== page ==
Adam thinks that Flickr will be bought by Google early next year. This isn't the first "Google wants to buy Flickr" rumor I've heard, but it is the first one I've seen on a blog.

As a Flickr user and an out of the closet Flickr fan, I'm always worried when anyone talks of great little companies being bought by a Big Company. Why? Big Companies have a way of buying cool services and then making them way less cool. One of the best examples I read of that is the story of Nullsoft.

I think Google has a good track record in this department so far (namely Picasa and Blogger), but I'd just hate to see a great service like Flickr get screwed up before its time.

Posted by jzawodn at December 26, 2004 07:29 AM

Reader Comments
# Hanan Cohen said:

I don't know on what basis you write that Google have a good track record with Blogger. Yes, they did a great facelift but the service is sometimes very slow down to unusable. Thinking "Google" and "slow" sounds strange, but that's a (sad) fact of life.

on December 26, 2004 07:59 AM
# Thomas said:

Also Orkut is quite slow during US day time. I personally would love to see more small, nice companies surviving and not following the call of money. I think the smaller companies that try to survive usually are more enthusiastic and also provide much better service. Just thinking about the search industry I personally like the folks at Mirago a lot because they're nice and try to sell "their" product and not their companys product.

on December 26, 2004 08:11 AM
# Hashim said:

actually, Blogger used to be slower and buggier. Google has improved it plenty.

On the flip side of what Jeremy is saying I get nervous when great services on the web don't charge any money. I have a fear that they will eventually disappear and take all of the info I've built up with them.

on December 26, 2004 08:29 AM
# jjg said:

"they did a great facelift"

For what it's worth, our redesign of Blogger was initiated entirely by the legacy Pyra team. No Google resources or management were involved. The technical improvements to Blogger, however -- which have been substantial -- are entirely due to the Blogger group's access to Google's considerable technical resources.

on December 26, 2004 10:52 AM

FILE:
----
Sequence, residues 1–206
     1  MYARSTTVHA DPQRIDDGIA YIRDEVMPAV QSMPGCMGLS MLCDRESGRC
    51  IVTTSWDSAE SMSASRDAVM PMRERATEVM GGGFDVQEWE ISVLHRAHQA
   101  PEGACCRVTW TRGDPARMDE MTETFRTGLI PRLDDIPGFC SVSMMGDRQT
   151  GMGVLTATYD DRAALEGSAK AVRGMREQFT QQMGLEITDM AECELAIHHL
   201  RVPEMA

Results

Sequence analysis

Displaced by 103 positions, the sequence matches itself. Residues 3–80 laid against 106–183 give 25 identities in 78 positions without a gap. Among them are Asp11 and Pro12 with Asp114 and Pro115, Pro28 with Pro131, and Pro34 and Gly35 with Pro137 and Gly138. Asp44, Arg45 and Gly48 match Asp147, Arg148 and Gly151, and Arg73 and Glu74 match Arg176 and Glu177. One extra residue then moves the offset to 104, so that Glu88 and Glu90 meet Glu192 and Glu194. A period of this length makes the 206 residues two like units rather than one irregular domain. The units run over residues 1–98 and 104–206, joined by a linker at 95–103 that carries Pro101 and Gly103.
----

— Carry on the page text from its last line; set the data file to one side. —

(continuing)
# Victor said:

Remember Geocities?

on December 26, 2004 11:16 AM
# Greg K. said:

So why then do you work for a Big Company that makes things way less cool? Why not work for the small "cool" companies?

on December 26, 2004 11:39 AM
# Neil T. said:

Google buying Flickr would be interesting, but I hope it doesn't happen so soon. Flickr is still in its early innovative stages - if Google has any sense, it will wait at least several more months before buying them out.

on December 26, 2004 11:59 AM
# Hanan Cohen said:

jjg, you wrote something very interesting.

Google bought Pyra on February 2003. The redesign was announced on May 2004. How come "No Google resources or management were involved."?

Is the Pyra team not a part of Google in any sense?

on December 26, 2004 12:42 PM
# PaulT said:

Google have already messed up one of the most reasonable services out there : dejanews, which they've accuired very long time ago (that is what is currently called Google groups). No longer I can sort threads by date or search by poster's email (those were the only operations I've used, actually)

Google is MS of the Internet, the 'natural' monopolist, polluting the Internet ecosystem the way MS did polluted the desktop ecosystem.

I hardly remember yahoo or any other big guy to mess up the existing service the way Google messed up it's 'Groups' service.

on December 26, 2004 12:54 PM
# Dave Winer said:

I agree that Google screwed up Blogger. Before Google owned them they were producing nice normal RSS 0.91 feeds. Certainly not the latest and greatest, but quite functional, and helpful.

Then Blogger seemed to embark on a campaign to destroy RSS. They seemingly did everything they could to undermine it. When I asked for an explanation I was met with either silence or whining. They never adequately explained why they needed to do syndication so differently from everyone else. I felt in many ways like I was talking to Apple people in the late 80s or early 90s. In fact the top engineering guy at Google, Wayne Rosing, came from Apple of that period. He's a good guy though, and he wasn't the whining sort, although he was the silent sort.